Gar Alperovitz is a political economist, change-agent, highly respected professor, much read author and a down to earth straight talking expert on what is happening in the New Economy. On my Road Trip Video Series, I interviewed him in his home in Washington DC on the New Economy. He speaks about an explosion of on the ground initiatives that have a powerful potential for addressing wealth inequity in this country. Video
In his newest book, What Then Must We Do: Straight Talk About the Next American Revolution, Gar challenges us to think differently about the future: He writes: “We remember the future. We unconsciously project forward assumptions about what is possible based on our actual experience of the past.” So, if we think nothing has really worked to change our economy for the better for working people in the past, we’ll think it is not possible now.
“We face systemic problems not simply political problems. We need to change the way things are rigged deeper down in the machinery of institutions, corporations, bureaucracy and all the other elements of the system that produce the outcomes we experience.” Politics won’t do that. As much as I want to hope that a new President and Congress will improve the wellbeing of people and communities, I agree with Gar–we need to address system change.
So, how do we begin to get a sense of what a better next system might entail? How do we begin to get from here to there? Gar replies: “We begin today with one bolt” and cites an inspiring story of how in the 1970’s one steelworker in a mill in Ohio that was about to close organized so that not only did that not happen, the workers ended up owning it. That initiative launched future changes that empower and benefit workers. Those changes include “many worker owned businesses in OH—a state that has established a support system for building them that is one of the best in the nation. In addition, the Employee Ownership Center at Kent State University provides assistance to workers and others to establish such firms. Now—after 30 years, even businessmen, many of whom aided by certain tax benefits sell their successful businesses to former employees when they retire.”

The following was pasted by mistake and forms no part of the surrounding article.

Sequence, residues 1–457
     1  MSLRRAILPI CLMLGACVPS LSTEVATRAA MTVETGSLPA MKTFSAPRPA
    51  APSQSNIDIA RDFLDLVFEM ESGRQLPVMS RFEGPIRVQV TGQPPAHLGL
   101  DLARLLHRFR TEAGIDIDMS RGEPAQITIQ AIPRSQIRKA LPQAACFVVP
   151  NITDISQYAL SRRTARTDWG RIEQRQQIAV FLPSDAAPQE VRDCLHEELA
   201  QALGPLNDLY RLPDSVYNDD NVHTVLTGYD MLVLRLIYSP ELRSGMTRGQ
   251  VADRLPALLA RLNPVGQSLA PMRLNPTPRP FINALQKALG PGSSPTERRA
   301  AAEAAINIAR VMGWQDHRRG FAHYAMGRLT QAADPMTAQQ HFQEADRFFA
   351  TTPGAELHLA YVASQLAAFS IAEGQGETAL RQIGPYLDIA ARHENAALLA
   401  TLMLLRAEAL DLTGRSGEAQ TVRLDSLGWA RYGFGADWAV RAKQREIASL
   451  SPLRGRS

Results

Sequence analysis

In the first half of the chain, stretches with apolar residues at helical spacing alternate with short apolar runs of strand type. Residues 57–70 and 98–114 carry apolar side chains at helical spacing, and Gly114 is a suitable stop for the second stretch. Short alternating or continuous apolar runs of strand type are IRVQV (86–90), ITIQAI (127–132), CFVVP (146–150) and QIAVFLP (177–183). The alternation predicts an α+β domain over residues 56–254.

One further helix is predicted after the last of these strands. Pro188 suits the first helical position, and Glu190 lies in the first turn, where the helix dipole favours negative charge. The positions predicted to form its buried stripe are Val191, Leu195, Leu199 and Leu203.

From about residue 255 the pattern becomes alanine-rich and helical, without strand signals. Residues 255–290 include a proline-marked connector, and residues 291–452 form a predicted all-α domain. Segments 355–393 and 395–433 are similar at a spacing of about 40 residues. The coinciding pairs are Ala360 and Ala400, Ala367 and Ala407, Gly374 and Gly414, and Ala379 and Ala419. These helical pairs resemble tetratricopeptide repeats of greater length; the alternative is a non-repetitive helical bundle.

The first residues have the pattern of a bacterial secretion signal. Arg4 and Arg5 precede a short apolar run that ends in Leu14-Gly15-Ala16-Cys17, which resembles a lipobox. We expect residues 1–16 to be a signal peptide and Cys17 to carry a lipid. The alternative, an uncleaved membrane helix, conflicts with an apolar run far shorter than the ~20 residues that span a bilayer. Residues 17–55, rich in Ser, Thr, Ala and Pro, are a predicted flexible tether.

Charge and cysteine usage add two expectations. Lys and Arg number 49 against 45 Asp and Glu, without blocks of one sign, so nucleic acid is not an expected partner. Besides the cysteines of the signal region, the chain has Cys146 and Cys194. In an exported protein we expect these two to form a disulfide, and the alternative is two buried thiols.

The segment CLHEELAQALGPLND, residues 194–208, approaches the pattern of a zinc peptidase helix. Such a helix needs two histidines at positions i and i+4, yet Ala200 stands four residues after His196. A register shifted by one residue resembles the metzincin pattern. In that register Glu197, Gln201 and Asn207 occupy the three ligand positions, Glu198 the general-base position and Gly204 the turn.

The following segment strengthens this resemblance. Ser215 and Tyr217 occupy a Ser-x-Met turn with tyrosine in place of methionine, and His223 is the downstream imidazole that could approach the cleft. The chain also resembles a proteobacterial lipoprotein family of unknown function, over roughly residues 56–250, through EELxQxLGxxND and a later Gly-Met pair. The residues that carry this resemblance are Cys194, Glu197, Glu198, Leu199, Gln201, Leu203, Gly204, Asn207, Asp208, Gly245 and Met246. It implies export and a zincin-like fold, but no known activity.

Worker Owned Cooperatives are an explicit part of the approach of a growing number of city governments to economic development. Evergreen Cooperatives is an example of worker owned cooperatives in Cleveland that are providing good livelihoods and futures for its worker owners and at the same time increasing community prosperity. Early partners were the mayor and the community foundation and the cooperatives’ success is linked to the capturing of the purchase power of anchor institutions like Cleveland Clinic, University Hospitals and Case Western Reserve University. Rochester NY and Richmond VA are also launching worker owned cooperatives based on the anchor model. There are 8 other cities using various approaches to build the population of worker owned cooperatives in their cities. Cities Developing Worker Co-ops: Efforts in Ten Cities
Gar is co-founder of the Democracy Collaborative based in Washington DC, a national research institute dedicated to developing new strategies for a more democratic economy. Their newest initiative is 50 by 50–50 million employee owners by 2050. The Collaborative believes: “The most promising worker owned cooperative efforts in cities often start with conversations that bring communities together to map the challenges they face, the assets they hold, and the vision they share.” To help you begin these conversations in your community the Collaborative has published: Jacksonville’s Community Wealth Building Roundtable, by Michelle Barth, details how a city-led convening unfolded in Jacksonville, Florida; and Sparking the conversation in your community, by Justine Porter, provides insights from a “Do-It-Yourself” convening process in Poughkeepsie, New York. Read more about these publications and the Collaborative’s Community Wealth Innovators Series.
If you are still wondering what you as an individual can do to help democratize wealth in this country, Gar has ten ways you can do that.
Jan Roberts is Founder & President of Cultural Innovations Agency, Inc.